In Truth, Lies & Alzheimer’s – Its Secret Faces, behavioral specialist Lisa Skinner and co-author Douglas Collins devote two entire chapters on how the COVID-19 pandemic isolation triggered faster declines in cognitive health due to loneliness and not being connected. Singer and songwriter Phil Vassar shares his personal story in a chapter called “Bringing Mom Home” which details how his family was proactive during the course of Alzheimer’s disease and had a plan in place for each stage of it.
“We are social beings and need to interact with those we are close to and care about, but all that was taken away after COVID,” writes Phil Vassar. “Her isolation came directly out of the COVID situation. I believe isolation is like solitary confinement. It’s a punishment, a torture. Solitude is a terrible thing, and we weren’t going to let that happen to our mother.”
Author Lisa Skinner adds, “There’s power in those moments when we realize our true value and take action to live in a way that reflects those values. Our memories are the threads that sew our lives together in sequence and continuity.”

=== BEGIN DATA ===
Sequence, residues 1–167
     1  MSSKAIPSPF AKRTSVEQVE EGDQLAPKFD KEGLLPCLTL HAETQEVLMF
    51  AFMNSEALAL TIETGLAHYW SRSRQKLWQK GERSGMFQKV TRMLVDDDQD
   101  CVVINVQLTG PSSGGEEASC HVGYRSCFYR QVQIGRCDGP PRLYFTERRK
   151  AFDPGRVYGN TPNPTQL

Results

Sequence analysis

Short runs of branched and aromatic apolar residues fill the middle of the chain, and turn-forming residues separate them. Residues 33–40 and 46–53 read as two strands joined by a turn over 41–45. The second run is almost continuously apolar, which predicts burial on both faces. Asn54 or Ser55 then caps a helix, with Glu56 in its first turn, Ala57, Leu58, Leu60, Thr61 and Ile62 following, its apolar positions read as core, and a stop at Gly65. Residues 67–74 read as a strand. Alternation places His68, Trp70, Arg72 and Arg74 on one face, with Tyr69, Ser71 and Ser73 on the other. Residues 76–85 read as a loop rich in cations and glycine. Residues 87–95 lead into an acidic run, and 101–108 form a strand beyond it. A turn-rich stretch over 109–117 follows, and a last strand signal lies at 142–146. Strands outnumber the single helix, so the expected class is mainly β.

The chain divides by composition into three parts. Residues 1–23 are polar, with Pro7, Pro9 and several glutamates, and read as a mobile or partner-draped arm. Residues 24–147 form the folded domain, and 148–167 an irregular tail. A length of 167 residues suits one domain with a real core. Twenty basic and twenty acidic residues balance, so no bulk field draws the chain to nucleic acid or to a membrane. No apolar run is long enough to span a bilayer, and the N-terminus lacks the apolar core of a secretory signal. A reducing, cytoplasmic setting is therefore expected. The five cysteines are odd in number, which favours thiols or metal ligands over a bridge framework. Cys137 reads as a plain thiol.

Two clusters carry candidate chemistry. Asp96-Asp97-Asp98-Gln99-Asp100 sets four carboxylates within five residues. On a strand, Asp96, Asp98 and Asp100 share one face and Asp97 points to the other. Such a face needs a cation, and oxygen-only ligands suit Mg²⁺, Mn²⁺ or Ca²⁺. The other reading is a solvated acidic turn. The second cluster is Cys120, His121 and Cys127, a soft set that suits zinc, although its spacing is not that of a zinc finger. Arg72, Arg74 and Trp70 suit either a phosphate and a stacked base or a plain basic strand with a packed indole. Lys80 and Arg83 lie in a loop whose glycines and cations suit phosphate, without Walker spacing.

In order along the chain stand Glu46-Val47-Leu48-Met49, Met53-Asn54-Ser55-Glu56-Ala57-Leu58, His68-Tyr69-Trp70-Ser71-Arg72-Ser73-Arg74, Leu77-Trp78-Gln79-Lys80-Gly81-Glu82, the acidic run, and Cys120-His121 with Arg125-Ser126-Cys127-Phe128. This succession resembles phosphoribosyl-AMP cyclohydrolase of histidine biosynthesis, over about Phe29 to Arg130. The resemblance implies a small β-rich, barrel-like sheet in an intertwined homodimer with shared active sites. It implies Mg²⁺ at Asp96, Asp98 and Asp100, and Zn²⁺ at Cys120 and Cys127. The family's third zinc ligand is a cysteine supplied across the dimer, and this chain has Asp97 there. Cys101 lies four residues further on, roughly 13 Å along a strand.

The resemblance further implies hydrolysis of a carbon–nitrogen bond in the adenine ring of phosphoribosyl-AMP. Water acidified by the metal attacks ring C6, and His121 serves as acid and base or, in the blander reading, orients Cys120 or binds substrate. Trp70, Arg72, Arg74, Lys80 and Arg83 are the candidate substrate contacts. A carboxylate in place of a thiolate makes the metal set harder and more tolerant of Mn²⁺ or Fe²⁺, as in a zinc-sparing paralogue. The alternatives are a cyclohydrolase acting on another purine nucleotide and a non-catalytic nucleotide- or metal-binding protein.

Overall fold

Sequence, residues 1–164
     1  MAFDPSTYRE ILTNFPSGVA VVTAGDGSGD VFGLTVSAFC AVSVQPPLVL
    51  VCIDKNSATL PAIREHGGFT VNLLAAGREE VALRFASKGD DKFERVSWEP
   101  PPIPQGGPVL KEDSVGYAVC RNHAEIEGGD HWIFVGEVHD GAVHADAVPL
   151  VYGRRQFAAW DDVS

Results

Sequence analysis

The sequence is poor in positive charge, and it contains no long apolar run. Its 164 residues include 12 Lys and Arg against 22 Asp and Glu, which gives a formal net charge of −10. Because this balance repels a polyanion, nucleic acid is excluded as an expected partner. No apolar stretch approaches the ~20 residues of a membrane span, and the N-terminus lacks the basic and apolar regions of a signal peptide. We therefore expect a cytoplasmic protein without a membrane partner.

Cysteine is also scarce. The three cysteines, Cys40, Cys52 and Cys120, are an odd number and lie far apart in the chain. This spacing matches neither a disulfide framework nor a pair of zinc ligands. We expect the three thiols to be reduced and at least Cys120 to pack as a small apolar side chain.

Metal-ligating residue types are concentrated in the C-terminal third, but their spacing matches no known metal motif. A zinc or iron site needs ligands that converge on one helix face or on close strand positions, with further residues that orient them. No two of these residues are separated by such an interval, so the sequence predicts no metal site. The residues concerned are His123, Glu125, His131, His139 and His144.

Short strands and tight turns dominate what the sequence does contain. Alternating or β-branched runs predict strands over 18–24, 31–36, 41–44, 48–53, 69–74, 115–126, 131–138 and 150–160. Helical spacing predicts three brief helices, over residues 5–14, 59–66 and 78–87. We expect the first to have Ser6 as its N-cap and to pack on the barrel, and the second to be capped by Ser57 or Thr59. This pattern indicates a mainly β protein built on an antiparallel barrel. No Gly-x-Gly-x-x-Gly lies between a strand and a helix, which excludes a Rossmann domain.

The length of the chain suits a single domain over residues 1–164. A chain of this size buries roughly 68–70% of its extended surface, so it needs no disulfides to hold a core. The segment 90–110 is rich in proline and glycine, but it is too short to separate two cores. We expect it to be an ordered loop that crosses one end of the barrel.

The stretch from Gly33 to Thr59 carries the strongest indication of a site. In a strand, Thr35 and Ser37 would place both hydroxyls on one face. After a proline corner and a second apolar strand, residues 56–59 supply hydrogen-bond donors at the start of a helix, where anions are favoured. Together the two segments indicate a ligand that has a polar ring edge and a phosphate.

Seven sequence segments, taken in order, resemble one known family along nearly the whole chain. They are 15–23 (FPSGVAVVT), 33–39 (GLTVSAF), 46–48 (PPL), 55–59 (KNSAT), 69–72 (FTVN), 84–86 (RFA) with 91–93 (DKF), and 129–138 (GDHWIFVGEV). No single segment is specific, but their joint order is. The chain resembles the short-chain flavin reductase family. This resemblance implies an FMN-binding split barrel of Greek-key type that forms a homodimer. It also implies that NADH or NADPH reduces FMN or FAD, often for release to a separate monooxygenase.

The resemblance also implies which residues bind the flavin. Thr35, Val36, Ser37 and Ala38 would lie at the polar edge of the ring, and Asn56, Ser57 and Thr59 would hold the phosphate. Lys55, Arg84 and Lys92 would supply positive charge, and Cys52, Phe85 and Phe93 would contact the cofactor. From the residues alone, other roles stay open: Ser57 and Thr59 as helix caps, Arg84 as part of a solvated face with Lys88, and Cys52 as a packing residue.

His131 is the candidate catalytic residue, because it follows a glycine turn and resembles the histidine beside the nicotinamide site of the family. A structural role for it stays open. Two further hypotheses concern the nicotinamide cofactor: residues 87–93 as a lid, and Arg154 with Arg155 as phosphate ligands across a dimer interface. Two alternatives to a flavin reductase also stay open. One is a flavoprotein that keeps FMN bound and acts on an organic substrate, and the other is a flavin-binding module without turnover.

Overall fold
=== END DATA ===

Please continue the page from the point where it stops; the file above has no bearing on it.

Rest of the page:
As the pandemic has wreaked havoc on our mental and physical health, it is also quietly reshaping how Americans will face retirement and old age in the years to come. The pandemic exposed “how shockingly inadequate our care infrastructure and systems are and how essential access to home care is,” said Aijen Poo, advocate for caregivers.
“When the overall brain is beginning to fail, the body seems to be less able to have the full ability to respond and recover to an illness,” explains Skinner. “The evidence to date indicates that older adults with dementia have a higher risk of contracting COVID-19 and, once infected, have a high risk of disease-related morbidity and mortality.”
Ezekiel Emanuel, a task force member for President Biden, said that “you will see a lot more focus on aging at home and figuring out how to shift the financial incentives to make that work.”
A big reason for the increase in Alzheimer’s and similar diseases is that the U.S. population is aging as the baby boom generation moves into retirement. Age is considered the greatest risk factor for dementia, with women accounting for about two-thirds of the cases (in part because they live longer than men).
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